Sunday, July 1, 2012


A recent article in The New Yorker magazine by Elizabeth Kolbert has recently sparked a debate among American parents. In the piece, Kolbert’s conclusion was that American children were “spoiled rotten.”  She wrote: "With the exception of the imperial offspring of the Ming dynasty and the dauphins of pre-revolutionary France, contemporary American kids may represent the most indulged young people in the history of the world."  She speculates on our various attitudes towards our kids: Do we expect too little?  Want too much approval?

On The Huffington Post, Lisa Belkin defensively responded to the article by Kolbert by writing that she thought spoiling our kids wasn’t bad.  She wrote: “Our kids don’t need to be obedient, they need to get into college.  They're focusing on grades and extracurricular instead of chores. And anyway, we all have so little time together, let's enjoy it instead of enforcing discipline.”

One day, my son asked me, “How come you don’t buy me things for no reason like other kids’ parents do?”  Now, I don’t know which kids he was referring to because the parents of his best friends are friends of ours and we know that they don’t just buy their kids things for no reason.  The “things” my son was referring to were expensive gadgets (smart phones, laptops, iPads, iPods, etcetera).  I responded, “I don’t know who these kids are or their parents nor do I know the reasons they just buy their kids such extravagant gifts.  For all I know they are not involved in their children’s lives and, feeling guilty, try to buy their children’s love.”  I can’t answer for other parents, only myself.  I’ve told my son it is okay to want things, but not to spend your life expecting to just get things.  My wife and I work hard for what we have, which is not a lot by American standards but I, for one, don’t go for American standards.  The American dream has become nothing but an empty commercial for self-centered consumerism.  A person cannot buy the latest product from Apple without the next latest, greatest, newest product from them already being announced while they are in line.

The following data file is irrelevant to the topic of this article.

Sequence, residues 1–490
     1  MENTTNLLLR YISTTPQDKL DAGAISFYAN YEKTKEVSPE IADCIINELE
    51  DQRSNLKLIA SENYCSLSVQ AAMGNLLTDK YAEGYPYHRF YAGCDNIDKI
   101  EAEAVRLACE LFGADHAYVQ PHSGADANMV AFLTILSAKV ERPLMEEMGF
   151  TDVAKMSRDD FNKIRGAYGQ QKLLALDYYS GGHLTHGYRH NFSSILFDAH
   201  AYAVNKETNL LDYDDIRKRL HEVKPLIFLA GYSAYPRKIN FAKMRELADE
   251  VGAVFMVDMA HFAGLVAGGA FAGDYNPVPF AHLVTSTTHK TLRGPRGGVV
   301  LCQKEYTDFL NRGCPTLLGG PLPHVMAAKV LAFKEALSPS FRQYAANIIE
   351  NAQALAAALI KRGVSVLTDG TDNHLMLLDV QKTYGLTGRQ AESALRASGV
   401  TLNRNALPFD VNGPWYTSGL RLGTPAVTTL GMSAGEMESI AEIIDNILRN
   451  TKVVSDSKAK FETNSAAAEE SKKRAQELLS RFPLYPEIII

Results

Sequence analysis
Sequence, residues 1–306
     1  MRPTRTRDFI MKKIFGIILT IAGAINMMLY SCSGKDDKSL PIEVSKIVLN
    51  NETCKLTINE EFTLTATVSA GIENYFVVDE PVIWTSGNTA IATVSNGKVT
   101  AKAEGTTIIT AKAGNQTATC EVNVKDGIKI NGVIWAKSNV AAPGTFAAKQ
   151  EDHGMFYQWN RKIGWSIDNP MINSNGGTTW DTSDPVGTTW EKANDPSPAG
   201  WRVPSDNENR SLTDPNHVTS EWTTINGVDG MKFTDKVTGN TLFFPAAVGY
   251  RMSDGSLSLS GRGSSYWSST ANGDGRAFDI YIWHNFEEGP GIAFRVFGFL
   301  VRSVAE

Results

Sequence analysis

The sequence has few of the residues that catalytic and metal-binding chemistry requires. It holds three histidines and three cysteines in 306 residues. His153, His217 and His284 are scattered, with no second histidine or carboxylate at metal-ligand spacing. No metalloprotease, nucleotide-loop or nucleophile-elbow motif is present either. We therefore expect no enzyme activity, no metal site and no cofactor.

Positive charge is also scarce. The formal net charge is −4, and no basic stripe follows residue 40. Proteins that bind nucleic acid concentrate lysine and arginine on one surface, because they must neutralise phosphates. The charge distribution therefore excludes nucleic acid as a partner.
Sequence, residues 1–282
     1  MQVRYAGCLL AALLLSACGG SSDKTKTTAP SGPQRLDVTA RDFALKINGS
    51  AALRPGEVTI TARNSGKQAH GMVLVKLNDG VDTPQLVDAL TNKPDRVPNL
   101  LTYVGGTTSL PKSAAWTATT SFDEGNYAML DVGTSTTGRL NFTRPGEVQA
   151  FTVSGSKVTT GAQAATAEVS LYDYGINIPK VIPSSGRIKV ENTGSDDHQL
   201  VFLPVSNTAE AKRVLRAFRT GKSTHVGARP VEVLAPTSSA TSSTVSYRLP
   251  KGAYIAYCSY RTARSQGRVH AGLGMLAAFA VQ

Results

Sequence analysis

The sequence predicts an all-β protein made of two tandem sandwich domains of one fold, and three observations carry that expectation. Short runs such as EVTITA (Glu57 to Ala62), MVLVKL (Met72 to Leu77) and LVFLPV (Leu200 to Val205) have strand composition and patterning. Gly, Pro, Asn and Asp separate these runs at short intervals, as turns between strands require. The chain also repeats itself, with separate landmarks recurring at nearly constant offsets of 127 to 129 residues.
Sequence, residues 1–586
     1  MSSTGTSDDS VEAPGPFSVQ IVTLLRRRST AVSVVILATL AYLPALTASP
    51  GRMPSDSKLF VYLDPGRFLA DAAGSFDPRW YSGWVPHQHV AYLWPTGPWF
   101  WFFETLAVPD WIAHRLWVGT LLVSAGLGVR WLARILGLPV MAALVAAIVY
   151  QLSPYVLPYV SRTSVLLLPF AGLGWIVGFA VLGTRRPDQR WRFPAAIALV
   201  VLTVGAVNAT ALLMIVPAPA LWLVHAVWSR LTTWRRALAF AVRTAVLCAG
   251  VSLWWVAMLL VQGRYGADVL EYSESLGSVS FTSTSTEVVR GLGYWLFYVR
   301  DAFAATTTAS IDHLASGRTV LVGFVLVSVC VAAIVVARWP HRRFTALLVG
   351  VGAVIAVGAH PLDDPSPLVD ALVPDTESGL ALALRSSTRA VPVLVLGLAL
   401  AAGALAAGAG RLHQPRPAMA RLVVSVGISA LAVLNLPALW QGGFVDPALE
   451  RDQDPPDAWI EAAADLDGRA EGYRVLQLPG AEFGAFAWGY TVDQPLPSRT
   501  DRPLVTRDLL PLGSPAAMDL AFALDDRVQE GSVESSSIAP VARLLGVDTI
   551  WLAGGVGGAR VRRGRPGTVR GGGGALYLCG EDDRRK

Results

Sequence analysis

Since I work for a toy company, I spend a lot of time in toy departments at stores.  It never fails to amaze me the amount of parents who tell their children they aren’t going to buy them anything (Why bring them to the toy department then?).  The child pitches a fit and, I have seen this on numerous occasions, the parent ends up getting the child whatever toy the child is pitching a fit over.  Then the parent looks at me and says, “I don’t know why he / she acts like this.”  Really?  You just rewarded them for their bad behavior and you don’t know why they do it?  I’ve even seen a child, through fits, work from getting a cheap toy to a really expensive one.  When my son was little, we went to Target and had told him that he wasn’t getting anything and that we weren’t going to the toy department.  While in the store, he decided to pitch a fit.  What did I do?  I snatched him up from the cart, stuck him under my arm (he’d gone stiff as a board as he wailed and carried on) and I told my wife, “You keep shopping.  I’m taking him to the car.”  Carrying him under my arm, I was mortified as he continued to wail as we walked through the store.  People stared.  And they stared as we went outside into the parking lot.  When we finally got to the car, I put him in his car seat, looked him directly in the eyes, and firmly told him, “I told you that you weren’t getting anything and that we weren’t going to the see the toys.  You will never get rewarded for misbehavior – ever!”  Indeed, he got punished when he got home.  But he never pitched a fit in a store after that.  Kids need boundaries and rules, not everything their little hearts wish for.